Polls reveal Americans' opinions on ACA, Medicare reform

While pollsters are busy this week predicting the outcome of our next presidential election, a pair of surveys looked at how healthcare might fare – and a few surprises emerged.

Regardless of who wins the White House, one survey found, Americans believe Obamacare will survive, albeit not entirely intact. But according to another poll, it’s the younger generation of voters that don’t necessarily favor that result.

[See also: Romney and Ryan camps clarify health law positions]

As many as seven in 10 Americans, in fact, believe that the Affordable Care Act (ACA) will take full effect, according to an Associated Press-GfK poll published on Wednesday. The AP-GfK surveyors also determined that of the 1,334 respondents 41 percent think the ACA will undergo minor changes, while 31 percent anticipate major changes and only 11 percent expect no changes at all.

Those findings appear to be indicative of what respondents believe will happen, not necessarily what they want to occur.

“Overall, the poll found Americans divided on the question of repeal, with neither side able to claim a majority,” the Associated Press-GfK reported. “Forty-nine percent said the health care law should be repealed completely, while 44 percent said it should be implemented as written.”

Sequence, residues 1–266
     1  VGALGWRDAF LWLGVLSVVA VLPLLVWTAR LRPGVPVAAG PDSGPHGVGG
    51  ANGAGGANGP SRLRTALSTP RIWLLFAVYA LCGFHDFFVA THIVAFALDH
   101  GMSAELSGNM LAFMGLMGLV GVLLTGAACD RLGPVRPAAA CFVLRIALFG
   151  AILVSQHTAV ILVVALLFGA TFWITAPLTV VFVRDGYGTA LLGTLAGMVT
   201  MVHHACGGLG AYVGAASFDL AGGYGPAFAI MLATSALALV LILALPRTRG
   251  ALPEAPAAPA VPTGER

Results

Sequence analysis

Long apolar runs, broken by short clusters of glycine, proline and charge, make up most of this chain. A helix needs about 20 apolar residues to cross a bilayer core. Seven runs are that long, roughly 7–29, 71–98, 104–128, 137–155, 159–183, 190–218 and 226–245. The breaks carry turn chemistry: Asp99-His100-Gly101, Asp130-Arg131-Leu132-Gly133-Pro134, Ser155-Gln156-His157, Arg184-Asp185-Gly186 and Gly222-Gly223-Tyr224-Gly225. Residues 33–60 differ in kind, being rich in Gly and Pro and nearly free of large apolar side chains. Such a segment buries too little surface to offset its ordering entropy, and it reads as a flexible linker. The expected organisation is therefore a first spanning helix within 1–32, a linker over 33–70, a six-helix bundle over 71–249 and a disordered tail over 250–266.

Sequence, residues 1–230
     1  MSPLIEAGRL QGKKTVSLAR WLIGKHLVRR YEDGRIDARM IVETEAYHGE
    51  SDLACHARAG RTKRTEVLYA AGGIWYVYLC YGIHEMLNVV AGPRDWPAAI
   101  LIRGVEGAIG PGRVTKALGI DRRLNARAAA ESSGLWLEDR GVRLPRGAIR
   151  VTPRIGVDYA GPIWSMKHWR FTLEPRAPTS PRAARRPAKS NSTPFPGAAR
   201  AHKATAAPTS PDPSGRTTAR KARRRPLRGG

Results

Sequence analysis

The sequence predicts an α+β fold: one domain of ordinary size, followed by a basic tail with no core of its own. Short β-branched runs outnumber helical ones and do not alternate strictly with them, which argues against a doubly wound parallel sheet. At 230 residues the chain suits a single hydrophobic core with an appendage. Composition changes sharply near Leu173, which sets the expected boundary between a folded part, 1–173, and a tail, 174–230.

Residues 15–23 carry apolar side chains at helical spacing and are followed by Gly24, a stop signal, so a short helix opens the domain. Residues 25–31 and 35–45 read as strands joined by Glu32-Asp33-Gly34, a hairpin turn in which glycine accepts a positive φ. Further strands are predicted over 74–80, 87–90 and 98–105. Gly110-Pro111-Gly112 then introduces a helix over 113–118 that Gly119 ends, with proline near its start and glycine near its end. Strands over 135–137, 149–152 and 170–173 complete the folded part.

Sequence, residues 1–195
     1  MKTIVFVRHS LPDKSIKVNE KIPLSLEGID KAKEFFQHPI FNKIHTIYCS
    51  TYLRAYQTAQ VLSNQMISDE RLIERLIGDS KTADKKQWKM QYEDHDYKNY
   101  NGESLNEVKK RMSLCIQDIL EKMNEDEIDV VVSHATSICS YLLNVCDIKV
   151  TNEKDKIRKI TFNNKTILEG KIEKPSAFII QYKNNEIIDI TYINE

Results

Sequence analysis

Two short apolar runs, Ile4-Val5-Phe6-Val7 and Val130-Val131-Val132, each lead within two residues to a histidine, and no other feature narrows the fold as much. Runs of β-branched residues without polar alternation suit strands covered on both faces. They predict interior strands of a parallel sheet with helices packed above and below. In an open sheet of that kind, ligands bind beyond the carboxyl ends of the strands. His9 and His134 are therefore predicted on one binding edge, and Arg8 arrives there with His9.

However unlikely the reality that the ACA will be implemented verbatim, a Kaiser Family Foundation poll found that only a quarter of respondents 55 years and older are hoping Medicare will change. Among younger voters, which Kaiser categorized as between 18 and 54, however, half want to keep Medicare as it is, while 44 percent would rather switch to a premium support model.

[See also: Romney argues for individual mandate in Mass., against it nationally]

“The age gap is somewhat ironic, because those who are most opposed to the proposed new system would be least affected,” Kaiser Health News wrote in Younger Americans more receptive to GOP Medicare Plan. “Ryan’s plan would exempt those over 55 and allow them to remain in traditional Medicare, a feature supported by Mitt Romney, the GOP presidential candidate. Nonetheless, this carve out has not won over the elderly – who are among the most reliable voting blocs – the poll shows.”

In another twist, Kaiser asked Democrats under age 55 about the Republican’s approach, but intentionally did not associate it with the GOP – 44 percent supported it.

Both the AP-GfK and Kaiser surveys determined that participants are quite evenly split on the matter of healthcare, though Americans don’t necessarily understand the ACA or proposed changes to Medicare and Medicaid.

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